Biologists have found more than 150 different chemical residues in bee pollen, a deadly “pesticide cocktail” according to University of California agriculturist Eric Mussen. The chemical companies Bayer, Syngenta, BASF, Dow, DuPont and Monsanto shrug their shoulders at the systemic complexity, as if the mystery were too complicated. They advocate no change in pesticide policy. After all, selling poisons to the world’s farmers is profitable. But they are producing crops that will kill insects, yet keep the plant alive. They are poisoning pollinators and they are poisoning us.
Furthermore, wild bee habitat shrinks every year as industrial agribusiness converts grasslands and forest into mono-culture farms, which are then contaminated with pesticides. To reverse the world bee decline, we need to fix our dysfunctional and destructive agricultural system.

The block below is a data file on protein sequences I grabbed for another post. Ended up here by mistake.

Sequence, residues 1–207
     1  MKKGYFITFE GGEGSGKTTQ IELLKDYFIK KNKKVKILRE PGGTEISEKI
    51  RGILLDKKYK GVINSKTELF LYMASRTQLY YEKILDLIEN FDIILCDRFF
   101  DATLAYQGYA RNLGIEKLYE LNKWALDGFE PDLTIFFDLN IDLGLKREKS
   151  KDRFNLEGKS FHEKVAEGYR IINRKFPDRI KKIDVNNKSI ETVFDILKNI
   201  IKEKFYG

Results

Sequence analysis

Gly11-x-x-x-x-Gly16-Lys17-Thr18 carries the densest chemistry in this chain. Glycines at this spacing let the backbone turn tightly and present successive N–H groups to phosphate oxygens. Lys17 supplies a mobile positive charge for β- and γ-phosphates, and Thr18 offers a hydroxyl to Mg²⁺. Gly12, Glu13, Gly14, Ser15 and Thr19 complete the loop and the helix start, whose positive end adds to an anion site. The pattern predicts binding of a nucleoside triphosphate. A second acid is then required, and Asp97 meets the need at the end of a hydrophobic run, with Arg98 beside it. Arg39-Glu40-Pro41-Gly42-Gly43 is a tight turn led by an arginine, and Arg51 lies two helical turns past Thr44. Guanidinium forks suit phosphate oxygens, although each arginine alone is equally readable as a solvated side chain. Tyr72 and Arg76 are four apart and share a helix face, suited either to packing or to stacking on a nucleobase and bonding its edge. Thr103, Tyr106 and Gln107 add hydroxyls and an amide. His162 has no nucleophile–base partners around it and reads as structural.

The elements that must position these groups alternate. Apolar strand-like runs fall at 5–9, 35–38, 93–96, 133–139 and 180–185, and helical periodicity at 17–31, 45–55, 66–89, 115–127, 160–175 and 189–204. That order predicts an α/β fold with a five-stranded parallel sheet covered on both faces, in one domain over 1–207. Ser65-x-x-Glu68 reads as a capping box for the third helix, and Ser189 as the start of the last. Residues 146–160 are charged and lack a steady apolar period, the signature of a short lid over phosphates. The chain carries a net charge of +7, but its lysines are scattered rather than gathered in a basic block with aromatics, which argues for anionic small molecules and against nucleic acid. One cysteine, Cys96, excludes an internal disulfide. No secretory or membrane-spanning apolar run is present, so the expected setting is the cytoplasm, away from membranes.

Common sense actions can restore and protect the world’s bees. Here’s a strong start:
Ecological farming is the overarching new policy trend that will stabilize human food production, preserve wild habitats, and protect the bees. The nation of Bhutan has led the world in adopting a 100 percent organic farming policy. Mexico has banned genetically modified corn to protect its native corn varieties. Eight European countries have banned genetically modified crops and Hungary has burned more than 1,000 acres of corn contaminated with genetically modified varieties. In India, scientist Vandana Shiva and a network of small farmers have built an organic farming resistance to industrial agriculture over two decades.
Ecological, organic farming is nothing new. It is the way most farming has been done throughout human history. Ecological farming resists insect damage by avoiding large monocrops and preserving ecosystem diversity. Ecological farming restores soil nutrients with natural composting systems, avoids soil loss from wind and water erosion, and avoids pesticides and chemical fertilizers.